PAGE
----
SIDNEY — The Shelby County commissioners on Tuesday, May 29, awarded Westerheide Construction, of Sidney, the contract to build the STAR House here.
Westerheide’s winning bid was for $1,004,200.
STAR House, the Sheriff’s Treatment and Recovery House, will serve as a transitional facility for recovering male drug addicts who are released from the Shelby County jail. It will be constructed on country property, near the jail along Gearhart Road.
According to Chris Monnin, of Garmann Miller Architects Engineers in Minster, the 4,269-square foot building will include 10 sleeping rooms, two offices and common living room, kitchen, laundry facilities and restrooms.
STAR House has been developed as a collaboration of the Shelby County Sheriff’s Office, Shelby County commissioners and the Tri-County Board of Mental Health and Recovery Services.
“What we know is that addicts who return to a substance-abusing environment are much more likely to reoffend and return to the cycle of arrest, court and jail,” said Mark McDaniel, executive director of the Tri-County Board of Recovery and Mental Health Services in May. “The STAR House will give those individuals an alternative to that deadly cycle and help them build a life of stability, sobriety, community support and employment.”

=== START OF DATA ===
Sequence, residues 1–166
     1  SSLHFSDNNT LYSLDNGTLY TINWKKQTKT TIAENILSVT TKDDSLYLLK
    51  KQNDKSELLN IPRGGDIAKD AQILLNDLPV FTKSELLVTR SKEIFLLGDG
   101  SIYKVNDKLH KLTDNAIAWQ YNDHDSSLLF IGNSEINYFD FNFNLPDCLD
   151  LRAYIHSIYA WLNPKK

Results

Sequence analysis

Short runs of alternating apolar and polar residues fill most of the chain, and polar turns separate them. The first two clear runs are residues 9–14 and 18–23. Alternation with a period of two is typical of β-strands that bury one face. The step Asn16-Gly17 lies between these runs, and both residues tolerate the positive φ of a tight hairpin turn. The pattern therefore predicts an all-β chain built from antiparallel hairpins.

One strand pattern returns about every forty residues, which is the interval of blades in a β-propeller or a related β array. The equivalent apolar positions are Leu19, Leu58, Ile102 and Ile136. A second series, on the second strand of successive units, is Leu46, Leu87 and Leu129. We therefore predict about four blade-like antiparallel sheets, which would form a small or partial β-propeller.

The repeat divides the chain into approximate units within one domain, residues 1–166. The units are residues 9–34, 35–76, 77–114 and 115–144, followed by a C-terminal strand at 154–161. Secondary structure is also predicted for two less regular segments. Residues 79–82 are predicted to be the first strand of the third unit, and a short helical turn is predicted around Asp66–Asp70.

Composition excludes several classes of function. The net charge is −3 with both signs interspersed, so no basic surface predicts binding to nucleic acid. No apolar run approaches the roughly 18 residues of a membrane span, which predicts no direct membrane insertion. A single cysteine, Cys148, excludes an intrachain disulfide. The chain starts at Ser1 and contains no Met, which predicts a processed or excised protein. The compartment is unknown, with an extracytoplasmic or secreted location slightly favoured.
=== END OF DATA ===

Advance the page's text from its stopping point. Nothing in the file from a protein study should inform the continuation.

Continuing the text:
STAR House will provide treatment, programming, mentoring and structure to people who are serious about working on their recovery from addiction. STAR House will also assist clients with finding jobs, budgeting, maintaining healthy living and developing life skills. The goal of STAR House is that individuals who have been released from incarceration and have committed themselves to working on living drug-free productive lives will make a long-term lifestyle change and become productive members of the community.
“Shelby County is leading the state and nation with this one-of-a-kind facility,” said Shelby County Sheriff John Lenhart at the STAR House groundbreaking last month.
The STAR House is being built with funds provided by the United Way, Sidney Municipal Court, Shelby County Common Pleas Court, Tri-County Board of Mental Health Services, Shelby County commissioners, Shelby County Counseling Center, Ohio Department of Mental Health & Addiction Services and the Sheriff’s Office.
“There is no tax levy to support this project,” said Lenhart.
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